Personally, I don't believe God zapped me with cancer for wrestling with my brother. The radiation exposure and the botched surgery that left my vocal chord paralyzed were just examples of what happens when doctors practice medicine. Humans make mistakes and those mistakes have consequences. 

Jesus further responds to their news with a question about eighteen people that died when a tower fell on them. Again, we aren't sure who these people were or what event Jesus is referencing, but it could be Jewish men who actually took jobs working on Pilate's aqueducts and died on the job. (Barclay, p 177) Conventional wisdom of the day would say they got what they deserved-that ultimate justice was done. But I don't believe that was Jesus' position. In Jesus' teaching, there is a distinction between sins, but not a distinction between sinners. Churches often errantly teach that there is no distinction between sins-a teaching that fails the common sense test and the scriptural test. Common sense tells us that raping and killing a child is a worse sin than lying about your weight. In Matthew 5:19, Jesus said: "Anyone who breaks one of the least of these commandments and teaches others to do the same will be called least in the kingdom of heaven, but whoever practices and teaches these commands will be called great in the kingdom of heaven." (NIV) There are "lesser" and "greater" commandments. Later, He said: "'You shall LOVE THE Lord YOUR God with all your HEART, AND WITH ALL YOUR SOUL, AND WITH ALL YOUR MIND. [38] This is the great and foremost commandment. [39] The second is like it, You shall LOVE YOUR NEIGHBOR AS YOURSELF.'" (Matthew 22:37-39 NASB) Though there is a distinction between sins, there is no distinction between sinners. Or to put it another way, you won't be any more dead if you drown in the ocean then you would be if you drowned in a bathtub. 

The one thing we all have in common is our sinfulness. Paul wrote: "for all have sinned and fall short of the glory of God," (Romans 3:23 NASB). He also wrote that those sins have consequences: "For the wages of sin is death," (Romans 6:23 NASB) It isn't that small sins are without consequences and large sins have them-all sins have the same ultimate punishment-eternal death. And that's where the parable comes in. In this parable Jesus teaches that God gives us a second chance. In the parable, Jesus said: "A certain man had a fig tree which had been planted in his vineyard; and he came looking for fruit on it, and did not find any. [7] And he said to the vineyard-keeper, 'Behold, for three years I have come looking for fruit on this fig tree without finding any. Cut it down! Why does it even use up the ground?' [8] And he answered and said to him, 'Let it alone, sir, for this year too, until I dig around it and put in fertilizer; [9] and if it bears fruit next year, fine; but if not, cut it down.'" (Matthew 13:6-9 NASB)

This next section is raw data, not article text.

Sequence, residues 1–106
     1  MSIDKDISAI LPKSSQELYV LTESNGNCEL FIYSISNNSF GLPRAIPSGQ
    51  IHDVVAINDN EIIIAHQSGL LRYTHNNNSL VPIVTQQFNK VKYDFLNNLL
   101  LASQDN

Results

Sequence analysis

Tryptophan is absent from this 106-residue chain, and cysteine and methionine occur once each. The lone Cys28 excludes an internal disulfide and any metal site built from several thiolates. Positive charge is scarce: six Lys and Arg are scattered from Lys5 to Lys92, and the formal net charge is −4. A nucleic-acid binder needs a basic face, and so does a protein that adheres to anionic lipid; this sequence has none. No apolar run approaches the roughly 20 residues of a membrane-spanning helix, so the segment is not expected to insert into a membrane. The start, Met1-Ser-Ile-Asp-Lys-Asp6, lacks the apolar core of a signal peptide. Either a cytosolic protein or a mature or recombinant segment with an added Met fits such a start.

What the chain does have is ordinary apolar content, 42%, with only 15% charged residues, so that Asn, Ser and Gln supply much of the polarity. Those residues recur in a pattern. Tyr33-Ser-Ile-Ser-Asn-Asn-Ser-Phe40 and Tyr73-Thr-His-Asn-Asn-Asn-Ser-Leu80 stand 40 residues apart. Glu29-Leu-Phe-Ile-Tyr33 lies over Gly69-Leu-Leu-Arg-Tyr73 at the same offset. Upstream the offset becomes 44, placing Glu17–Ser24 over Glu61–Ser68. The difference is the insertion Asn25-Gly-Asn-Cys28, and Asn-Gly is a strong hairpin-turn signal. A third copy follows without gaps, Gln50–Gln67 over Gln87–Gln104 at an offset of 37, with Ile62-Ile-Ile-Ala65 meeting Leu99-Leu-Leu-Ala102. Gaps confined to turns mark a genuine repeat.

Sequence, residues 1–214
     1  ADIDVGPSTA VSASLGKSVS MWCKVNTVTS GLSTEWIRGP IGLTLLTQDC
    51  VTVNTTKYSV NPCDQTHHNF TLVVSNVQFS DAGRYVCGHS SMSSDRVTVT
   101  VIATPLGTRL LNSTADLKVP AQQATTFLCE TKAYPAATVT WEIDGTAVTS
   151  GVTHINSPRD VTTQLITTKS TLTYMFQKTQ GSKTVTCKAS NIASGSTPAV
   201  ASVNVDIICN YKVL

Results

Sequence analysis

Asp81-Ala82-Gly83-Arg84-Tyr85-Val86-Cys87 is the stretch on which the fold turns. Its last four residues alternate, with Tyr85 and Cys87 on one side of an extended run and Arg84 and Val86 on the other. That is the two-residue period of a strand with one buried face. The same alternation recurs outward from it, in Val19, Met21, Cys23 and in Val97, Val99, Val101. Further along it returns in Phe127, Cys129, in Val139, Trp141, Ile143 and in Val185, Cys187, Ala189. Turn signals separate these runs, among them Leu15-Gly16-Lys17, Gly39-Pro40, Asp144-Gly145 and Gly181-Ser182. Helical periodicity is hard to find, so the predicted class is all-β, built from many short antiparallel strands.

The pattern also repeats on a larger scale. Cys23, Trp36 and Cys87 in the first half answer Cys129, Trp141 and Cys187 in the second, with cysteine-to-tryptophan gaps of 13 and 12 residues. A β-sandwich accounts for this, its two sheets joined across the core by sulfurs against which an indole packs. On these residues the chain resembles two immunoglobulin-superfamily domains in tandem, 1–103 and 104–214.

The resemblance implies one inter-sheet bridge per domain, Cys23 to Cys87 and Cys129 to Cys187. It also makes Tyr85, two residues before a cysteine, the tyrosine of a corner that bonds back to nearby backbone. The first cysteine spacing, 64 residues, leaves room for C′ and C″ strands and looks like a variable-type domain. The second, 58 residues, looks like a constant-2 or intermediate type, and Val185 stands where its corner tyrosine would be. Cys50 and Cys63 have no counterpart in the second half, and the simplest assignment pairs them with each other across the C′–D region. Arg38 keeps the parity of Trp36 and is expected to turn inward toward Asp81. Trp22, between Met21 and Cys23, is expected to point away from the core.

Three years was plenty of time for the fig to put on fruit. The man was just in telling the vineyard-keeper to destroy the tree. Just as God is just for punishing sinners-all sinners-even those who sin small sins. But God's justice is always tempered with mercy. The vineyard-keeper pled to give the tree another chance. He pled for mercy. God is a merciful God who gives us another chance. That is the gospel message. Yes it is true that we've sinned, but is also true that Jesus Christ died on the cross to pay for our sins and rose from the grave to defeat sin, hell and the grave, empowering us to experience life after life instead of death after death. God is a God of the second chance. But there's more to this parable than just that. He is a God of the second chance, but there comes a time when the second chance is the last chance. There is no other way we can be saved. 

In this life, there are times that we suffer because of things we do. If I jump from a plane without a parachute, I have no one to blame but myself for my death. It won't be society's fault, the pilot's fault or the parachute manufacturer's fault-it will be my fault. Sometimes we suffer consequences of other people's actions. 9-11 is a perfect example of that. Sometimes we suffer because of random chance-a percentage of people will get cancer even if they have healthy lifestyles. In the words of Forrest Gump, "Stuff happens." Some times we suffer because of the work of the evil one who wants to harm us or even at the hand of God who uses our trials to strengthen our faith and build our endurance.

But in the life to come, there is only one reason we will suffer. Because we've sinned against a Holy God, and we squandered the second chance he gave us-the chance to accept His sacrifice for our sin. Don't make that mistake. If you don't know Christ as your Savior and Lord, receive Him today. 

Impact Preaching: A Case for the